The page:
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The seaworthiness of merchant ships plays a critical role in ensuring the safety of life and property and the prevention of marine pollution. It deals with the fitness and readiness of a ship and its fundamental ability to sail safely to its destination. The standards of seaworthiness extend to literally all aspects of a ship, including the human element, physical structure, documentation, cargo worthiness and so on. It is one of the most complicated concepts in the maritime regulatory regime, and it takes many forms. However, although one of the most important terms in maritime transportation and ship management, seaworthiness is not an absolute concept, but a relative one, dependent on the particular environment, context and facts, and the standards of seaworthiness have changed greatly with the introduction of new maritime regulations over the years.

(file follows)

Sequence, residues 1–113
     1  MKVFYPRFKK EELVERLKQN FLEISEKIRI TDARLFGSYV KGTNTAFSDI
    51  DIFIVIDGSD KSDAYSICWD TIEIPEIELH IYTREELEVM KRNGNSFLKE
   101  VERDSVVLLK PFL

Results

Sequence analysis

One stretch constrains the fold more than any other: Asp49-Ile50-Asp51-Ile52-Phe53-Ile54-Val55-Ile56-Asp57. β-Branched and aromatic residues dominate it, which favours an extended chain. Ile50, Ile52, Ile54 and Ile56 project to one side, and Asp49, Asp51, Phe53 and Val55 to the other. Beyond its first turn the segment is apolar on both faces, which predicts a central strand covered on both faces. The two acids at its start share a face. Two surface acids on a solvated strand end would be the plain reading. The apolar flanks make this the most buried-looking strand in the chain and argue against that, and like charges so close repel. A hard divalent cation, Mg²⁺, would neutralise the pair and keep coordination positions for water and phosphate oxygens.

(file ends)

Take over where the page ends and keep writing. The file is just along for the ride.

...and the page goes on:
The existing literature on seaworthiness is found within a variety of dedicated articles or book chapters. This book summarizes all that information in one publication and provides an update on key books that are now more than a decade old. In addition, it also offers more detail on specific aspects that are rarely discussed on their own. The reader will gain an understanding of the constituent features which colour its application in sovereign jurisdictions, where each have their own, often conflicting, social or geopolitical priorities to meet. Each chapter relies heavily on case studies to illustrate how the laws which reflect private laws and national policy underpinning those priorities are applied in practice. This structure then enables an understanding of the problems in the carriage of goods by sea, with a view to offering options for solutions.
The book is written to meet the needs of lawyers, maritime professionals and academics, to thoroughly explain the concept of seaworthiness and the relevant legal issues.